EVEN THOUGH league tables are an important way of holding schools to account over academic attainment, it is important to remember that education is at its most effective when it is a three-way partnership between teachers, parents and pupils.
Schooling does not begin in classroom – the erroneous view held by some families. It begins at home and a child’s future chances will, to a degree, be shaped by their early years before they even set foot into their primary school.
Yet, while a majority of fathers and mothers take their responsibilities seriously, and undertake activities at home which will boost the learning and awareness of their children, a significant number do not according to a Department for Education poll. It is this lack of parental inter-action which means some youngsters have little recognition of the alphabet, and struggle to write very basic words, when they begin their primary education. The consequence is the pupils concerned struggling to grasp the basics, despite the best efforts of teachers, and then finding the transition to secondary school more daunting when learning, and exams, do intensify.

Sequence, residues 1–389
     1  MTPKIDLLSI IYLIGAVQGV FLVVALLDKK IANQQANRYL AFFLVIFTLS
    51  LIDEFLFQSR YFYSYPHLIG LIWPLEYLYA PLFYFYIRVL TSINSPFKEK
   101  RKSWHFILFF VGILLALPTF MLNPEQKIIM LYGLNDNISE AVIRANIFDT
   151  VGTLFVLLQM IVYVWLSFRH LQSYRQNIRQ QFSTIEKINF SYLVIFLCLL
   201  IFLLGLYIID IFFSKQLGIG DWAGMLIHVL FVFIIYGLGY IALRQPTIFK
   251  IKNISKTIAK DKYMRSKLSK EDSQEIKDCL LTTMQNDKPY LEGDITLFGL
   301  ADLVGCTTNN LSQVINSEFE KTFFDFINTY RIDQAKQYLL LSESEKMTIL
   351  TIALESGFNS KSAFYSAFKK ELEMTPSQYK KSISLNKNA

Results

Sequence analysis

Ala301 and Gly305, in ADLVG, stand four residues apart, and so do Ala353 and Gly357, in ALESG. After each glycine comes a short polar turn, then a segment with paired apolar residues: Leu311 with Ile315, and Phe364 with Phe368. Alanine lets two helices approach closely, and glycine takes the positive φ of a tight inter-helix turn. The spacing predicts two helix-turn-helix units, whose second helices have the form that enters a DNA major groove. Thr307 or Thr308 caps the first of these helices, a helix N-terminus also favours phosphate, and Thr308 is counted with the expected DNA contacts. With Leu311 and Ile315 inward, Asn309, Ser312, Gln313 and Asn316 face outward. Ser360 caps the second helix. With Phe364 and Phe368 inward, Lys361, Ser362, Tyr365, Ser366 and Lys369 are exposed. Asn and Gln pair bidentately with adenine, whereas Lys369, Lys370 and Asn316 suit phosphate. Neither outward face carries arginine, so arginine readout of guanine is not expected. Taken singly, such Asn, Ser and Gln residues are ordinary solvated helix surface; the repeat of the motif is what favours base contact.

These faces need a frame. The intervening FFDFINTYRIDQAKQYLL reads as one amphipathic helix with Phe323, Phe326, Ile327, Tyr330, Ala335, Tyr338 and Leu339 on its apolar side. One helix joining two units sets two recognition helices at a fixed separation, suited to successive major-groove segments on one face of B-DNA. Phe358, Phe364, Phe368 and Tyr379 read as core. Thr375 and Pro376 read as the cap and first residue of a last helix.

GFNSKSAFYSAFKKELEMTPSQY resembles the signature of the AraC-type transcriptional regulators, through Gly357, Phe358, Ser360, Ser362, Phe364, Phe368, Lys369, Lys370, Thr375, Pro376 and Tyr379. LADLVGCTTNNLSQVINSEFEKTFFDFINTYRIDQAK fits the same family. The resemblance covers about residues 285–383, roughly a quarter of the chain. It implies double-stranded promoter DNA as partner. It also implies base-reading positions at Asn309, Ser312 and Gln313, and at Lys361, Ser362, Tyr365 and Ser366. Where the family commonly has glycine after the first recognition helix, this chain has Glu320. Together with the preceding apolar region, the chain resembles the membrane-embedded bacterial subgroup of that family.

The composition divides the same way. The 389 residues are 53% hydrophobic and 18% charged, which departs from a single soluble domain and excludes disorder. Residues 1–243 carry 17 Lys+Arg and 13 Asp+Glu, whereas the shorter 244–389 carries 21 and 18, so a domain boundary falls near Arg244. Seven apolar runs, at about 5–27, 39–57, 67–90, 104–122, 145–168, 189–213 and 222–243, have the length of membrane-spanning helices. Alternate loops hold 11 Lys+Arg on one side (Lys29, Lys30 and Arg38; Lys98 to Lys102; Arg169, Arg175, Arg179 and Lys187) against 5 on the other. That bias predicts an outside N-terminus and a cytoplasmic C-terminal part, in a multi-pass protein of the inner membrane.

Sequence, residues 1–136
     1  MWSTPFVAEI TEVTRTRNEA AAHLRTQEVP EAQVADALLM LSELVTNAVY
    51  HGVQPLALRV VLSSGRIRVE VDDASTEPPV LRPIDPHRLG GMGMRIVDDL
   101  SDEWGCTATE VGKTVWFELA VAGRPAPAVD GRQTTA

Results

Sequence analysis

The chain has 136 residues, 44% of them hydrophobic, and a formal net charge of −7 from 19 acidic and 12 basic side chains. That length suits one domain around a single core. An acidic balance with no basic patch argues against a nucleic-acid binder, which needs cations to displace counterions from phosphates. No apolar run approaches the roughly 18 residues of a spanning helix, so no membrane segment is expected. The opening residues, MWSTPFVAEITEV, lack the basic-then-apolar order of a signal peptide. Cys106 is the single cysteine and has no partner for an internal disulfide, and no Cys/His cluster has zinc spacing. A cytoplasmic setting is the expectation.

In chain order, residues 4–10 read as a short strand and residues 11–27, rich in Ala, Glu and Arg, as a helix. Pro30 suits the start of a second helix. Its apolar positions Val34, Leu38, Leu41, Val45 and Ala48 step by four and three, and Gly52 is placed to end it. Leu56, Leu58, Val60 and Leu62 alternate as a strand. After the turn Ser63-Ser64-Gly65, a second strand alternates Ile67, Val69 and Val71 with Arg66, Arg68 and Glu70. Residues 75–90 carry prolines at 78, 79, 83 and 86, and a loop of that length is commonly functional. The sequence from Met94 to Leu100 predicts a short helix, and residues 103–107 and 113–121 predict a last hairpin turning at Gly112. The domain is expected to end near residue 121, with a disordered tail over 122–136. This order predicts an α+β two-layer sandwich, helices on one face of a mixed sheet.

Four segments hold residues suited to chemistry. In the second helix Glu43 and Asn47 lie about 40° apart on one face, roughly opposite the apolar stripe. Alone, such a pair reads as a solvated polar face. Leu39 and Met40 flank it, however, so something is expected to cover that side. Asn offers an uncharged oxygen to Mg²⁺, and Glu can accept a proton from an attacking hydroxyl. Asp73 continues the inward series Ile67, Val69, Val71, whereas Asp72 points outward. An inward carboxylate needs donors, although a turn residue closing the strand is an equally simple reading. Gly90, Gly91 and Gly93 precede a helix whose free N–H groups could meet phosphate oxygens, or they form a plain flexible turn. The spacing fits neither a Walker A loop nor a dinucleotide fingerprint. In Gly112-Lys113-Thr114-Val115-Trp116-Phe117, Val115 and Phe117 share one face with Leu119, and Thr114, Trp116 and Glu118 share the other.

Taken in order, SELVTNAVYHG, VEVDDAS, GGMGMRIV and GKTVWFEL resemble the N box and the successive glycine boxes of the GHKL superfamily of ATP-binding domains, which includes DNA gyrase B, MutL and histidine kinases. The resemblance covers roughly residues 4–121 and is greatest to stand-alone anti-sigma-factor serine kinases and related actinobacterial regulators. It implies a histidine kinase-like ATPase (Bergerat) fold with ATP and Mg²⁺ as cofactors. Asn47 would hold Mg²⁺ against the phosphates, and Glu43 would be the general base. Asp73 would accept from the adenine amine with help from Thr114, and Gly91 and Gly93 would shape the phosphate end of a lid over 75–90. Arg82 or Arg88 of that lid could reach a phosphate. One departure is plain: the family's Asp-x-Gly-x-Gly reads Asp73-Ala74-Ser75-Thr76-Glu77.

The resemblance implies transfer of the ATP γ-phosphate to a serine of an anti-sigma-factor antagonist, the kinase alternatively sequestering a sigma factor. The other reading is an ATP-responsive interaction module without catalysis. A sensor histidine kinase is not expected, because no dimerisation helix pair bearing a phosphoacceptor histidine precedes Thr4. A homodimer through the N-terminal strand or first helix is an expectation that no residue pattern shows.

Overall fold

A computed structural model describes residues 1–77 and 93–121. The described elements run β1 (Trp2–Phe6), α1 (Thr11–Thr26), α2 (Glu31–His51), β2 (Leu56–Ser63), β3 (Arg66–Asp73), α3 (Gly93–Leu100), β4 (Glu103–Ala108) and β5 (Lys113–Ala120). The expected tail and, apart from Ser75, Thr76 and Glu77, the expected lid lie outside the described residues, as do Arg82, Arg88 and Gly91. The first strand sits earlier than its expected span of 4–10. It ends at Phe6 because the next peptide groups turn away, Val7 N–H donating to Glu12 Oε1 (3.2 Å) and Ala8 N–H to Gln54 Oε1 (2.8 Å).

Yet, while the Government’s new Chat, Play and Read programme sounds laudable in practice, the onus is on Children and Families Minister, Nadhim Zahawi, needs to answer the following question as part of his politics homework. Has the Government’s scaling back of Labour’s SureStart programme been a factor – and how does he intend to help those parents who don’t have the necessary literacy or numeracy schools to pass on to their own children during these crucial formative years?